Why is Emotet back and should we be worried?

In January 2021, cyber pros rejoiced when a worldwide undercover operation by law enforcement permanently dismantled the Emotet botnet.

The pullout was celebrated as an example of the power of collaboration in the face of global security threats and had an immediate impact on the underground cybercriminal.

But over the past few days, alarming signs have surfaced that Emotet is back up and running, raising fears of yet another campaign of malicious activity. So what happened? And how concerned should defenders be?

Emotet started out as a relatively mundane banking Trojan in 2014, but over the next few years it was developed and refined by its creators into a very sophisticated botnet used as a delivery mechanism – a loader in computer parlance – for other bad guys such as malware and ransomware.

By the end of 2020, Emotet had become a key part of the cybercrime economy as a service, leased to malicious actors as a means to access targets to steal and ransom data.

The Ryuk ransomware team was one of Emotet’s most trusted clients, among many others, and more at this link later.

At the height of its business, Emotet was a very effective and dangerous threat, with its operators considered masters of social engineering techniques, such as bespoke spear phishing emails, used to encourage targets to become infected. .

Not so fast

His January pullout was therefore rightly celebrated, but even then many security experts tempered their enthusiasm and said it was likely that Emotet would eventually reappear in some form or another.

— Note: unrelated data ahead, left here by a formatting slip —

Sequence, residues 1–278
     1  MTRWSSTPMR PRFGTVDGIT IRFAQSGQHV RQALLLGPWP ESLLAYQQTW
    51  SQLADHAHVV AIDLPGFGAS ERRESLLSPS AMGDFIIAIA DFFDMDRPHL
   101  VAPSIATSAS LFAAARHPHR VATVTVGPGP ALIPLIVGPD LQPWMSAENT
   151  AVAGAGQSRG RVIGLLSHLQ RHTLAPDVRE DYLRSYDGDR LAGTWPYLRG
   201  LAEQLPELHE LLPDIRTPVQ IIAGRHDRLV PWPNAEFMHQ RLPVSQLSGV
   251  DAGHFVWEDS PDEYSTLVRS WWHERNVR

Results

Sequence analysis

Among them was Mandiant’s Kimberly Goody, who said at the time that it was likely that some of Emotet’s partner operations, such as Trickbot, Qakbot and Silentnight, could be used to rebuild the botnet.

Something of this nature now seems to have happened. The first signs that Emotet is resurfacing began to appear on the evening of November 14, when security analysts at GData came across evidence from their Trickbot trackers that the bot was trying to download a dynamic link library (DLL ) on the system. Subsequent analysis revealed that the DLLs were Emotet, and the next morning, as others confirmed the link, the news spread quickly.

From conversations between Lawrence Abrams of Beeping computer, which was one of the first to report the emergence of Emotet, and security researchers, botnet operators seem to have rebuilt it using infrastructure owned by Trickbot – as theorized by Goody to Mandiant – and that probably signals an increase in activity, especially among ransomware. operators, many of whom have found themselves late lately.

The mummy and the sorcerer